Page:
United States v. Berry, 1992 U.S. Dist. LEXIS 18758, 1992 WL 372181, *3 (D.Kan. Nov. 23, 1992).

 Nevertheless, the Court was then of the opinion that the Third Circuit had not adopted the intrinsic versus extrinsic threshold distinction, and, therefore, the Court declined to do so, based upon its reading of, inter alia, United States v. Blyden, 964 F.2d 1375, 1378 (3d Cir. 1992). Upon further reflection, the Court agrees with the government that Blyden does not address the precise issue raised in the motion for clarification, and does not foreclose the Court's consideration of the intrinsic/ extrinsic distinction. *fn4"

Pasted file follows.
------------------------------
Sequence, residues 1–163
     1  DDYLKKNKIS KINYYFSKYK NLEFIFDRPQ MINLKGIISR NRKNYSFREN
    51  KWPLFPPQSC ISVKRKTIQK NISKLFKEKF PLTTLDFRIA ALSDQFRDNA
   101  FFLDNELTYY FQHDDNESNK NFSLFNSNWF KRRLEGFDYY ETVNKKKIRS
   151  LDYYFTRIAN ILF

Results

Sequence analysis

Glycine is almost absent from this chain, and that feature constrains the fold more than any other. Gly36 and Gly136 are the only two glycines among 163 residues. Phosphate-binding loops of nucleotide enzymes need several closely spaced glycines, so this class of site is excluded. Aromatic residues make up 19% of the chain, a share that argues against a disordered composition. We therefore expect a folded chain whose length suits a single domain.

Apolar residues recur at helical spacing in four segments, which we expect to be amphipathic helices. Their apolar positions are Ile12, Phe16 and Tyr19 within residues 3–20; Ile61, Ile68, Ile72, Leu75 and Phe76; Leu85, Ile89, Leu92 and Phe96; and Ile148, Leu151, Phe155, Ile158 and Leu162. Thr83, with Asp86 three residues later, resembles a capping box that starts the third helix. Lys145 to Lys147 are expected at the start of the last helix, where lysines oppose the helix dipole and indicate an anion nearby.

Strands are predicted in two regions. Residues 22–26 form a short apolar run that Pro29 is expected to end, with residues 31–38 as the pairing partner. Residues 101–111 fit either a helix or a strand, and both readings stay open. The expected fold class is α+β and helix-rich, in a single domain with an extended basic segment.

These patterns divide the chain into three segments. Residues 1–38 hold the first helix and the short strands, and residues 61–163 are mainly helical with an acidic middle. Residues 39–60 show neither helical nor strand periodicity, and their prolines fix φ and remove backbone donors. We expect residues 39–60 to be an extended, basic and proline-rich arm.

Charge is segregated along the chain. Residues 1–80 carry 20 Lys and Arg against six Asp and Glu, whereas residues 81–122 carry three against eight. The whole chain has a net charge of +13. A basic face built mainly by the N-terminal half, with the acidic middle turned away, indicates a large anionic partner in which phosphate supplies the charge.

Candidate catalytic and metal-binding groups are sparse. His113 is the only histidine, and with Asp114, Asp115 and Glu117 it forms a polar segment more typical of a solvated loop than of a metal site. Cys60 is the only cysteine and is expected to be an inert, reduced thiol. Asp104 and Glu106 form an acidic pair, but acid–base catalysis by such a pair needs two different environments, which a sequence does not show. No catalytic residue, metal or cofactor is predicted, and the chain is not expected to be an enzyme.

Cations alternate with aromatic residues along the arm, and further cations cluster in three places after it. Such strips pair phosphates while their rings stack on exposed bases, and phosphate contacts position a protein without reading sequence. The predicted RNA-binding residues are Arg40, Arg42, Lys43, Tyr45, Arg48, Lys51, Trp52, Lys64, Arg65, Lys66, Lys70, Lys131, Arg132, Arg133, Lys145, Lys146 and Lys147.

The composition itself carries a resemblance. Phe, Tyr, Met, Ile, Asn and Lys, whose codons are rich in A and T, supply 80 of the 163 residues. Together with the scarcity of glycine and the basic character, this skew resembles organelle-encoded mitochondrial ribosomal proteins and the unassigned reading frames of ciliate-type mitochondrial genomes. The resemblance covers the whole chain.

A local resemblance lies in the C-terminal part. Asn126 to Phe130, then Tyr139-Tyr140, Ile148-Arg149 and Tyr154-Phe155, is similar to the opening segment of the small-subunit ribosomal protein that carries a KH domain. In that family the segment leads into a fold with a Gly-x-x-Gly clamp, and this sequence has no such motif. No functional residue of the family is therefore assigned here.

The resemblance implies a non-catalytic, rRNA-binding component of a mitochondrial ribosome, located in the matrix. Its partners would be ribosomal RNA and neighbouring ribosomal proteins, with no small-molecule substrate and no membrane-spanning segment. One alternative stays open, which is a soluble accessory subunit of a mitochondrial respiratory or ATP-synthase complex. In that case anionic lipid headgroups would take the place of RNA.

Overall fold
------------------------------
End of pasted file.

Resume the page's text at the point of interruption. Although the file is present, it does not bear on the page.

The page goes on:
To the contrary, evidence of uncharged "other crimes, wrongs, or acts" which are "part and parcel" of the charged offenses, including the conspiracy, *fn5" and which tends to directly and intrinsically establish the defendant's participation in the charged offenses, is simply not evidence of other crimes, wrongs or acts. Rule 404(b) is not implicated by such evidence. Although the United States Court of Appeals for the Third Circuit has neither considered nor adopted the "intrinsic/extrinsic" threshold in the 404(b) analysis, the virtually unanimous view of the other circuit courts to address the issue, as well as of the district courts of the Third Circuit to do so, employs the "intrinsic versus extrinsic" standard.